Protesters pressure Villaraigosa to step down from Fix the Debt group
A dozen protesters went to City Hall on Tuesday to present Los Angeles Mayor Antonio Villaraigosa with a petition demanding he step down from the Fix the Debt campaign, a day after the mayor distanced himself from the group's push for large-scale cuts to Social Security and Medicare and stressed the need for bipartisan cooperation.
Villaraigosa announced last week that he was joining the steering committee of Fix the Debt, a bipartisan lobbying group urging President Obama and Congress to address the national debt before the country goes off the so-called fiscal cliff.
That prompted backlash by some on the political left, who cited the group's recommendation of large cuts to Social Security and Medicare. As of Tuesday morning, almost 14,000 people had signed an online petition demanding Villaraigosa step down from the group.
"He hasn't answered my calls or returned my emails," said Angela Garcia Combs, of Hollywood, who started the petition.
The mayor, who has previously called for a "radical middle" of moderate stances and compromises in order to address the nation's economic woes, clarified Monday night that his personal views don't align completely with those of Fix the Debt.
"I believe we can -– and must –- reform Social Security and Medicare as part of a balanced approach to the nation’s fiscal challenges. These reforms are needed to strengthen our essential entitlement programs for generations to come," Villaraigosa said in a statement.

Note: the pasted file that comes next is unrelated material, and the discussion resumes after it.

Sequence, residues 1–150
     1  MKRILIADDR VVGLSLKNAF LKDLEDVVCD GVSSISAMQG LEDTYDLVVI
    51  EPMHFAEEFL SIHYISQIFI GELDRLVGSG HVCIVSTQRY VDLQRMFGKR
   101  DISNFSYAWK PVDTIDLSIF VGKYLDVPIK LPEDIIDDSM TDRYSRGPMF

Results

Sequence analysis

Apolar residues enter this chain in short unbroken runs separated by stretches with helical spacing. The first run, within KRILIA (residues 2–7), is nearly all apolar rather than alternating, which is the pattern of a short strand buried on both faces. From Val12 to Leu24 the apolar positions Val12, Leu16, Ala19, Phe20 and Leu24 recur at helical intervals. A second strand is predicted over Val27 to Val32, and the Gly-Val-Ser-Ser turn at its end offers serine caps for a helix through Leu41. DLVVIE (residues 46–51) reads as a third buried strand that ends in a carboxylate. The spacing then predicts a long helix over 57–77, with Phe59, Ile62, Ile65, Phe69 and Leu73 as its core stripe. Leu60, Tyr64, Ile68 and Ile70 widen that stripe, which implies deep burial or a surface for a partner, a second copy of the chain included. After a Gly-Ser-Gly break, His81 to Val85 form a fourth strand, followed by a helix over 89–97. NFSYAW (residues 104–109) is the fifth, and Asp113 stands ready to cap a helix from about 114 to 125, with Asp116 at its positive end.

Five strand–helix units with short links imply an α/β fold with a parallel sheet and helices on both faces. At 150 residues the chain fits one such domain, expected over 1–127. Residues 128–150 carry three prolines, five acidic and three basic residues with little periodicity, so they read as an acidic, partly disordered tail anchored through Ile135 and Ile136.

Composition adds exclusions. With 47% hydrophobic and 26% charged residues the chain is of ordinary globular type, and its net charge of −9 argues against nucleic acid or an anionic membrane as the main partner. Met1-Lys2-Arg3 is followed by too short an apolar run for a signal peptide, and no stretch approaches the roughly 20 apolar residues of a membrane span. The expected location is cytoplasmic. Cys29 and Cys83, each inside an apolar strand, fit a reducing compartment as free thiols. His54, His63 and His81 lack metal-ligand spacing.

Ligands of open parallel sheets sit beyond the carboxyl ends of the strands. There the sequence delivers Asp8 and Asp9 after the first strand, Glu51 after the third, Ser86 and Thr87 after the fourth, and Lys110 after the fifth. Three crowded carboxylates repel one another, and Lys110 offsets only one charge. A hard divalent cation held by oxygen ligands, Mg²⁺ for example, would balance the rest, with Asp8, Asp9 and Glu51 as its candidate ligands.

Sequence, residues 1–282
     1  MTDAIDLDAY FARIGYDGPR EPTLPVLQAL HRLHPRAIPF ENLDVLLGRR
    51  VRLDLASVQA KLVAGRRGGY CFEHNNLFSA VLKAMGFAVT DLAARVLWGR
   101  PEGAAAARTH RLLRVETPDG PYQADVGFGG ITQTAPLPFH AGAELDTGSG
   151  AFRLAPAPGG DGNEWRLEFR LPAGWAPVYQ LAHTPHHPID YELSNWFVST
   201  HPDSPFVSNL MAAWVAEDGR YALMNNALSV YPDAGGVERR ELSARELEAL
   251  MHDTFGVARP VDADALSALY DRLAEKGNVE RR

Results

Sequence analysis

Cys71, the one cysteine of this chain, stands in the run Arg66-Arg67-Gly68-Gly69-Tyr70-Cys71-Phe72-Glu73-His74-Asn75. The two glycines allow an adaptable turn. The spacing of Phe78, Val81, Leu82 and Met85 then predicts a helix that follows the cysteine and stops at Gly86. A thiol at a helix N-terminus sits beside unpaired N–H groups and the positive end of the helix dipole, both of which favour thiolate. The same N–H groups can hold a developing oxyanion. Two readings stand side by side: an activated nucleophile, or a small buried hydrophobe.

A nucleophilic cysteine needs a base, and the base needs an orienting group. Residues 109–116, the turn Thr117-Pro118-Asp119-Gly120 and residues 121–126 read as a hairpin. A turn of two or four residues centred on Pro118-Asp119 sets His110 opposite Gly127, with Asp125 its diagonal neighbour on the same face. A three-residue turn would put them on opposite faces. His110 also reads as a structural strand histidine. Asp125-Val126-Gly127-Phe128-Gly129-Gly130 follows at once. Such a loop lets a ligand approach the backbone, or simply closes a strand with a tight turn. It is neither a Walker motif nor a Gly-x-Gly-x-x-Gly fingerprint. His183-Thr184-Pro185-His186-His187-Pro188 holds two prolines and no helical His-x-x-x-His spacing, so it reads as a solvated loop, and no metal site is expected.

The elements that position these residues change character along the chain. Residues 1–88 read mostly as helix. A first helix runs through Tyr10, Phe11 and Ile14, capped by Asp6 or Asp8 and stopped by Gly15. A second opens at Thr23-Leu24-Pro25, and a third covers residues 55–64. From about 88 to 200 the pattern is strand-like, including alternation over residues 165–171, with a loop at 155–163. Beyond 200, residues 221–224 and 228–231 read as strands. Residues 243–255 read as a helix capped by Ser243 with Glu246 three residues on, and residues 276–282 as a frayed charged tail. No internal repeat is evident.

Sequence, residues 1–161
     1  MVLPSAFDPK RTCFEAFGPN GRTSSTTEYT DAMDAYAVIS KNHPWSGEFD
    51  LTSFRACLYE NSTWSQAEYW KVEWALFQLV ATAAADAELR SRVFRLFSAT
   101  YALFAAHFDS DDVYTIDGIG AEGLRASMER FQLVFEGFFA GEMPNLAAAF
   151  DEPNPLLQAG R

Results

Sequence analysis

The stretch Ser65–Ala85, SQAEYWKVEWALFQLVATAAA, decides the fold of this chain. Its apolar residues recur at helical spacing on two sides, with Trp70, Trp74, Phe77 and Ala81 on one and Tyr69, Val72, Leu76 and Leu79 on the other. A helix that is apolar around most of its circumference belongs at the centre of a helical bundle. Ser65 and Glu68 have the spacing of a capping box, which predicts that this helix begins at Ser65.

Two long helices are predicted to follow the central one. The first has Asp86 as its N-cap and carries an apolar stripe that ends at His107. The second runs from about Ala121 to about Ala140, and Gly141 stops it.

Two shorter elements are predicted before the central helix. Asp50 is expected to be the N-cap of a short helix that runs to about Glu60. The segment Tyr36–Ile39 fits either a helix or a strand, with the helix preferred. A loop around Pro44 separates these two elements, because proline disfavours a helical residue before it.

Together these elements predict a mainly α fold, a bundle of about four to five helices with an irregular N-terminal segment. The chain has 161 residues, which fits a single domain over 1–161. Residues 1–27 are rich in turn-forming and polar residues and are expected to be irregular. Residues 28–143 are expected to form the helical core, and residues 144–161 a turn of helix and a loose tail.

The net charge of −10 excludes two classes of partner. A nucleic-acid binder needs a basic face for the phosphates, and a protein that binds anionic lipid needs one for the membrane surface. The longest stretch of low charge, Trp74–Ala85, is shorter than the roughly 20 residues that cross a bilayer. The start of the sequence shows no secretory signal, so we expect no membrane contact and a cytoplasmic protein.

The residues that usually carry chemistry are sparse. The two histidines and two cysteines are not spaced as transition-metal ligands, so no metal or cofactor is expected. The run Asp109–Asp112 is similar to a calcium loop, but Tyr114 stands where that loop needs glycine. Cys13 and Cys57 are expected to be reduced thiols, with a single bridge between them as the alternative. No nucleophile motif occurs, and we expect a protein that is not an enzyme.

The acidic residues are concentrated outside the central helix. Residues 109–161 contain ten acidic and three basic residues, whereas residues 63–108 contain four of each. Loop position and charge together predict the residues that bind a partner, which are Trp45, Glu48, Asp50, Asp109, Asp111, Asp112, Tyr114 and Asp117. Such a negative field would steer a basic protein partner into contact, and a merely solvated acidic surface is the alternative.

But the mayor has stressed that a solution to the national debt must include more than entitlement cuts, and that new revenue streams and tax increases must be on the table.
The Fix the Debt group includes a broad membership of former lawmakers and corporate leaders. But it has been scrutinized by the political left, which accuses it of claiming bipartisanship while pushing for corporate tax breaks.
Although the group already included several prominent Democrats, Villaraigosa was the first Democrat currently in office to sign on to the campaign.
Protesters argued that Villaraigosa's statements about his positions on Social Security and Medicare came too late, and that Fix the Debt remains controlled by corporate interests.
"They call themselves bipartisan because they're able to buy members of both parties," said Richard Eskow, a blogger for the Campaign for America's Future, a progressive organization.
"The primary agenda for these folks is to lower taxes for millionaires, billionaires and corporations," he said.
-- Wesley Lowery at Los Angeles City Hall
Photo: Mayor Antonio Villaraigosa in September. Credit: Irfan Khan / Los Angeles Times